I should be working on my novel. Instead, I’m bingeing on Elementary, working on my end-of-year ruminations.

I’m not sure if these serve much, if any, purpose. I’ve never seemed able to sustain a journal or diary before. Blogging (such a clutzy name for it, but we seem stuck with it now; certainly some examples of the “art” fit the nomenclature) for whatever reason, seems suited to my temperament in this regard. On the other hand, I never tried using my past journal attempts for editorializing.

Be that as it may, it’s one method of tracking…progress?

I’ve been working on a new novel. I’ve mentioned that before, of course. As of today, I’m about a third of the way through and I feel it’s going well. I still have one more in the alternate history trilogy I’ve been writing the last several years, but this new one—a full-blown science fiction work involving interstellar travel, aliens, fey physics, and immortality—has my more immediate attention and the enthusiasm of my agent. I finished the first draft in the summer, before we went on a short vacation, long overdue, to see friends in Pittsburgh. No telling how long it will take me to finish it, because I’m taking my time with it.

I’ve had less free time this past year to work on it, but that can’t be helped. Besides graduating to full-time employment at Left Bank Books, which I’m thoroughly enjoying, the situation with Donna’s parents has continued, consuming time and emotional energy. Without going into detail, I’ll just say that Donna has been magnificent in her attention to detail and the execution of her responsibilities toward them. As always, I feel privileged to be part of her life. Matters have reached a point now where she need not spend so much time.

What I had taken to be signs of stress turned out to be an ear infection she has been suffering for an unknown length of time. It never got to the point of actually hurting, so it went untreated till recently.  She’s doing much better now.

All that to say that circumstances, once again, are changed, and I’ve had to accommodate the new dynamic. I am. I’m working at an acceptable pace and I am pleased with the product. We are starting to take more time for ourselves again.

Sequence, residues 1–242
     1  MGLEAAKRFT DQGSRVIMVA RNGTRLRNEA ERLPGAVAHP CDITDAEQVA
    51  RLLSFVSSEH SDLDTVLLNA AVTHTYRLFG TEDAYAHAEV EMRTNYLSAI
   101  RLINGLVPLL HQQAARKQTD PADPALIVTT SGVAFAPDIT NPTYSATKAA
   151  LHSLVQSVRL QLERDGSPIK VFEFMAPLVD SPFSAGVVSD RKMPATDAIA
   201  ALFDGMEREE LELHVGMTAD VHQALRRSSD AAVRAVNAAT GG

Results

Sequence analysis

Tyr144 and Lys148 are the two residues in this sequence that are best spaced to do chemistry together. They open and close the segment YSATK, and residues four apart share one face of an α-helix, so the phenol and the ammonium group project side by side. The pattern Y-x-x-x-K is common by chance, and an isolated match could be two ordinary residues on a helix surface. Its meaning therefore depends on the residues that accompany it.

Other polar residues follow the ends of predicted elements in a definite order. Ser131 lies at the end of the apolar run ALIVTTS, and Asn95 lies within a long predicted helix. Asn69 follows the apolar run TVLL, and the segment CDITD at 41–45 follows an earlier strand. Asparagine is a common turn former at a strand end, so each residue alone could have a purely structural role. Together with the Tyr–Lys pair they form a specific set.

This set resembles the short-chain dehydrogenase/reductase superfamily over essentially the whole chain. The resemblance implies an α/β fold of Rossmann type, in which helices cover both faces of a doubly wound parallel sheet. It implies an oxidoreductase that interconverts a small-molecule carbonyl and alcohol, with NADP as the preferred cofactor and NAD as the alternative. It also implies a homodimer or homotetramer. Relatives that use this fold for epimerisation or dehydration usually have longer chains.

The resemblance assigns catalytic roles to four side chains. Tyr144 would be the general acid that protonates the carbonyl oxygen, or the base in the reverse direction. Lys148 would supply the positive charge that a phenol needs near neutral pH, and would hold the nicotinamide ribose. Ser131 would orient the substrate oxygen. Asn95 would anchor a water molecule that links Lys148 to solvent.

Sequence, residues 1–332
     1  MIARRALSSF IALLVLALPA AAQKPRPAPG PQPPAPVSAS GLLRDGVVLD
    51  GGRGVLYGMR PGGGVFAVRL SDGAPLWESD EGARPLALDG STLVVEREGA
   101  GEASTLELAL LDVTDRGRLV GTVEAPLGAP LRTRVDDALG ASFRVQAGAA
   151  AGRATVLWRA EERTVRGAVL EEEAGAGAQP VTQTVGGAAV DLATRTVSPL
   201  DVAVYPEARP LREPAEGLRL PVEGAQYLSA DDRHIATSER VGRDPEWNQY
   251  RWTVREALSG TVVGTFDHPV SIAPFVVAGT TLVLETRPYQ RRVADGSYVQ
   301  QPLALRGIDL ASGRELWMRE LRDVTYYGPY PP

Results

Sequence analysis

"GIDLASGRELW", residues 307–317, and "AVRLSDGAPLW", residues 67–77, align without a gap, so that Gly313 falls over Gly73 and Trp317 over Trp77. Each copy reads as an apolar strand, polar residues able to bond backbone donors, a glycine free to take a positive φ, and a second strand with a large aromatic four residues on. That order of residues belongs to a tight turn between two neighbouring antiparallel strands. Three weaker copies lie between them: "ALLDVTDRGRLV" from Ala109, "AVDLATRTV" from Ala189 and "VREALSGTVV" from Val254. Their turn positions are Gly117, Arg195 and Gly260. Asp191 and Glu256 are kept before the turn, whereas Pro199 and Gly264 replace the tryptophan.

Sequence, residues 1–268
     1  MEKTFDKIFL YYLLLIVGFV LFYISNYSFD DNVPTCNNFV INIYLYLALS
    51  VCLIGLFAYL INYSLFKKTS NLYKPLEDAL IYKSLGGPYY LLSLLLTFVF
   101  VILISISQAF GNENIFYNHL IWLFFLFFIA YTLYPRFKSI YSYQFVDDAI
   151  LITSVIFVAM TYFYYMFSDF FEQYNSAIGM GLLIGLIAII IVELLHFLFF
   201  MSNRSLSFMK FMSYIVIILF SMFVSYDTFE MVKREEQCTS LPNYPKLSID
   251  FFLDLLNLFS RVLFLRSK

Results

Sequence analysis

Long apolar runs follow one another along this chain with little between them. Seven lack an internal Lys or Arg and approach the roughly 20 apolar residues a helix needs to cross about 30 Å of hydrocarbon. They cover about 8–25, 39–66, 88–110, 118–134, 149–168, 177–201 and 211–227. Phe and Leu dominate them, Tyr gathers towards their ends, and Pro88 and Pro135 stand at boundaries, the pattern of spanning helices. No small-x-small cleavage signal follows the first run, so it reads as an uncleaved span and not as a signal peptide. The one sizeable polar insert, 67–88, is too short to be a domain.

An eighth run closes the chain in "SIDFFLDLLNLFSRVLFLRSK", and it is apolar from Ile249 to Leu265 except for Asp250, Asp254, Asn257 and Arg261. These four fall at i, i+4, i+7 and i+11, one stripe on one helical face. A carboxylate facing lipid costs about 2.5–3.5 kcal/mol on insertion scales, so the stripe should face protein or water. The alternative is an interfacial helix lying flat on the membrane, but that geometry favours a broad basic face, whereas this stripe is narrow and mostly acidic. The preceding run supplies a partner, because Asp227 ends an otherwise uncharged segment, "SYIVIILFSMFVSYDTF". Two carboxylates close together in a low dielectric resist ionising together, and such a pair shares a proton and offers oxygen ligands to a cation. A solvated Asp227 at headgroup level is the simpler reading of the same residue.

I underwent surgery last March to repair a rupture tendon in my right arm. I have scrupulously followed doctor’s orders and the recovery has been satisfactory. I’m back at the gym.  I’m about 20% down from where I was before the injury, but I’m not complaining—I’m 61, after all, and in fair shape, but I am realistic about what I can do.  I tire more easily. Aches and pains don’t go away as fast.  Still, I worked out this morning and did incline presses at 90 lbs per hand. It will do.

The year has been a mix of up and down.  One of my musical heroes (Chris Squire) passed away, leaving me sad in the way people a few years older must have felt about John Lennon’s passing.  You will find my thoughts in the previous post, under the link Passing of Giants.  There were other deaths that  bothered me, made me feel the world that informed me has shrunk considerably, but none quite so trenchant as that one.

On the high side, though, Harlan Ellison came to St. Louis to attend our local convention, Archon, somewhat at my instigation, and it was, as I wrote, a Peak Experience.  That I can say that Harlan is a friend is one of the most unlikely claims I ever expected to be able to make.  The visit was anxiety-laden, of course, as he’s not in the best of health and there were…concerns.  But it all came off well and he had a great time, which was all I hoped for.  Several of his friends came from all over to see him at the convention.  It was magical.

I’m not reading as much as I’d like. Yeah, I know, I work at a bookstore, what do I mean I don’t have time to read?  Well, I work for a successful bookstore, so no, there’s no reading on the job.  I’ll outline my year’s reading over on the Proximal Eye.  I have read some very good books, though, and I’ll take quality over quantity any day.

All in all, 2015 was much better than 2014.  Things are happening.  I am grateful for the people in my life.  My lifelong friends are still among the best and we have added new friends, some unexpectedly, who have added enormously to the quality of our lives. (You coworkers at the store, I’m referring to you.  Thank you all.)

I’m not saying as much as I have in the past. I expect the reports filed over the course of the next 12 months to be filled with positive developments.  We don’t make resolutions, but we have Intentions. 2016, should we manage to achieve even half of what we have in the works, will be incredible.

But it already begins thus. The various elements surrounding us have already promised to aid in great things.  And, again, I go forward with the best partner anyone could ask for.